As has come before; many of these posts will be philosophical in nature. Some will be in contradiction to previous postings. These are not intended as truths or assertions, they’re merely thoughts…ideas. Think of this as stream of consciousness over a wide span…Please bare with us as we traverse the abstract canals of audio musings.
The lifecycle of all things seems impossible to escape. Whether it’s a piece of technology, a businesses, a global empire or a hit 90’s sitcom, everything seemingly comes to an end. While some things earn a statue or a plaque by which to be remembered, most things fade without a trace.
In a separate piece that will go up tomorrow, one of the DesigningSound.org team expressed how before joining the site, they saw DesigningSound.org as “an institution like the cable company or the McRib. It was taken for granted by me that it was always there and would always be.”.
It got me thinking about the circumstances around which this site is able to exist, and how things are often more fragile than they appear from the outside. I then considered the various things I take for granted with respect to sound, asking how things might change were their existence to cease.
It can be a fun little thought experiment that can help you define how you relate to and interact with sound, whether it’s a profession, passion or both.
As an example, consider what might change if certain tools, software or hardware were to disappear. How might you adapt? This isn’t all that uncommon so perhaps you already have some sense of this. Maybe you typically seek out similar tools to facilitate the same outcome. Or perhaps you embrace new workflows that produce a different result. Maybe there’s a tool that’s so specific in the results it provides you or the joy you get from operating it that without it, you simply would no longer carry out that process.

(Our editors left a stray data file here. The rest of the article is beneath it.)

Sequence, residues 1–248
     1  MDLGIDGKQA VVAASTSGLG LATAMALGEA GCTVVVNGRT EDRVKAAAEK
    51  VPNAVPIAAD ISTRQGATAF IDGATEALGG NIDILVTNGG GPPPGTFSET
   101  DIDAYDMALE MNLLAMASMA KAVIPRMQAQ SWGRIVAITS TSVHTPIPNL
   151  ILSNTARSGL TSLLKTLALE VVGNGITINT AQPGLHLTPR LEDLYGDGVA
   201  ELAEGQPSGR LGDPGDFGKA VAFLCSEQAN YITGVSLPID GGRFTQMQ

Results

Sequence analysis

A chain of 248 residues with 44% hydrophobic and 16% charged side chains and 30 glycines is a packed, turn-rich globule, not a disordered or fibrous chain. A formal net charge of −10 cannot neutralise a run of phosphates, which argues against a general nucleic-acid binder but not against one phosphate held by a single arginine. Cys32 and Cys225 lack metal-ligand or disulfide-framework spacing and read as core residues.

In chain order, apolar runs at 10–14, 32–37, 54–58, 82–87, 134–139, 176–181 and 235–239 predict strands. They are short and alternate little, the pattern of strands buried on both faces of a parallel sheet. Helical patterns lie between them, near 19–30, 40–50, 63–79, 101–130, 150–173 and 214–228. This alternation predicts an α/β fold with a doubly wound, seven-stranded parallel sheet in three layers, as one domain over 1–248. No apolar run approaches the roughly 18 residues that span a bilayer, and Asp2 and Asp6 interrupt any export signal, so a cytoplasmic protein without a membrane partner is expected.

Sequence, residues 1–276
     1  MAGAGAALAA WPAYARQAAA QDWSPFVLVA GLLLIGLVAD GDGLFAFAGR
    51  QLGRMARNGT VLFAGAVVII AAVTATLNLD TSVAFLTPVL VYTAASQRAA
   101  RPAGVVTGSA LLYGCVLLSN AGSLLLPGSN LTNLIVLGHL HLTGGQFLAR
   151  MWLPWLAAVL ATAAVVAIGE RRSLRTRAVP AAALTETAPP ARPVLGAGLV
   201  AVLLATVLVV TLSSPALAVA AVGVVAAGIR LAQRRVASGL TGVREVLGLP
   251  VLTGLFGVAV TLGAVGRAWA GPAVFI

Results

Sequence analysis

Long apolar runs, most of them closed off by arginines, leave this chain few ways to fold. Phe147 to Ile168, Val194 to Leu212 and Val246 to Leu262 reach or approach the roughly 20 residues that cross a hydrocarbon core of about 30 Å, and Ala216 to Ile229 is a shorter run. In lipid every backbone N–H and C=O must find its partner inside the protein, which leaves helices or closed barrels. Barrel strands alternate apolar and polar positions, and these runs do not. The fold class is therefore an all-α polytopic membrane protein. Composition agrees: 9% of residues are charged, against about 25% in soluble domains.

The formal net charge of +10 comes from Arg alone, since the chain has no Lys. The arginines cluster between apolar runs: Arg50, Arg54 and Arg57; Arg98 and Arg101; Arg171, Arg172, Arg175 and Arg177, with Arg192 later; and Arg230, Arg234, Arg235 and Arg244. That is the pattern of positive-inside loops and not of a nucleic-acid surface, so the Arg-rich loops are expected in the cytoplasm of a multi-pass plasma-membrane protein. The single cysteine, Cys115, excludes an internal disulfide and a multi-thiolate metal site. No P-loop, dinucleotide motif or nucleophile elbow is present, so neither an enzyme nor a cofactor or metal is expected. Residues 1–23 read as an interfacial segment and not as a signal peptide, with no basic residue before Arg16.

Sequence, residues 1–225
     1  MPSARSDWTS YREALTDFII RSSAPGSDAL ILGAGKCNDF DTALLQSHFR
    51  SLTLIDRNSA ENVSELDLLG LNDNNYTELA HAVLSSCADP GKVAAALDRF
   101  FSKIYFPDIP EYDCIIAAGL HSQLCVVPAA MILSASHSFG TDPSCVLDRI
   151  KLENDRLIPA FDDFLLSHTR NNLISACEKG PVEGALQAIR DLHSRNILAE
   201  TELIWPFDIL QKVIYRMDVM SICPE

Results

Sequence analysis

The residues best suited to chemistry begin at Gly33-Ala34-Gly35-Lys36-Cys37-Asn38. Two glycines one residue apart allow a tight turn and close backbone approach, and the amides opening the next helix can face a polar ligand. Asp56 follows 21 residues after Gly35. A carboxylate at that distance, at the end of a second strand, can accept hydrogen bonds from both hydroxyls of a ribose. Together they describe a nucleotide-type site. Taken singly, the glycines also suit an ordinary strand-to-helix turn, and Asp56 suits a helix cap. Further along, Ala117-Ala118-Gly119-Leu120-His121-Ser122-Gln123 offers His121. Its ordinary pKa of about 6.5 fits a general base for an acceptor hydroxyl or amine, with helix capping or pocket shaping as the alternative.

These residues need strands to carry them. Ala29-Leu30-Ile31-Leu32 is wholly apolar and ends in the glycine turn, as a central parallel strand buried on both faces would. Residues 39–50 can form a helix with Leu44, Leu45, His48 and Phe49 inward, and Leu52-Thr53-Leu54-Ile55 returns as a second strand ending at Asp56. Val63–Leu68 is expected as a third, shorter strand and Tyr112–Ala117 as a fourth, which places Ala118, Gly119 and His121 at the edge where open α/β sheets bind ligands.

How about the medium? Many of us produce sound that serves as a component of a larger work whether that’s film, TV, video games, VR, AR, theatR (typo-intended for comic effect) or radio drama. What if that/those mediums fall out of favor? Would you continue to work in an increasingly niche field? Would you be willing to struggle professionally, take a hit in income or be content with fewer ears experiencing your work? Would you be driven to seek out and transition to another medium? One which you might be less passionate about but within which you can make a comparable income or reach a similar sized audience.
Consider the transition many went through when the digital realm presented itself. How would you have navigated such a significant shift? What might be the next shift of a similar or greater scale? What if we move away from speakers to some other form of sound reproduction. Or perhaps systems that take away more control from content creators and place them in the hands of computers, algorithms, AI or even an individual audience member’s own preferred sound aesthetic, perhaps deduced unconsciously based off of physiological measurements taken in real-time?
That last one might be a little “out there”, but these sorts of questions can help deduce exactly what it is you value about sound and the work you do? They can help you find your “why” and hypothetical “how”. Is it the process itself, the people you work with, the end product, the reaction you get from people? There’s no wrong answer, but I don’t think it helps to avoid asking these sometimes challenging questions. You might not always like the answers you reveal to yourself, I know I haven’t, but you’ll learn, grow and be better prepared for change when it comes. You’ll know how to react in a way that’s true to you and what you value.
So what are you taking for granted? What couldn’t you possibly imagine changing in your relationship with sound? Maybe you should ask yourself what if it were, because chances are, it will.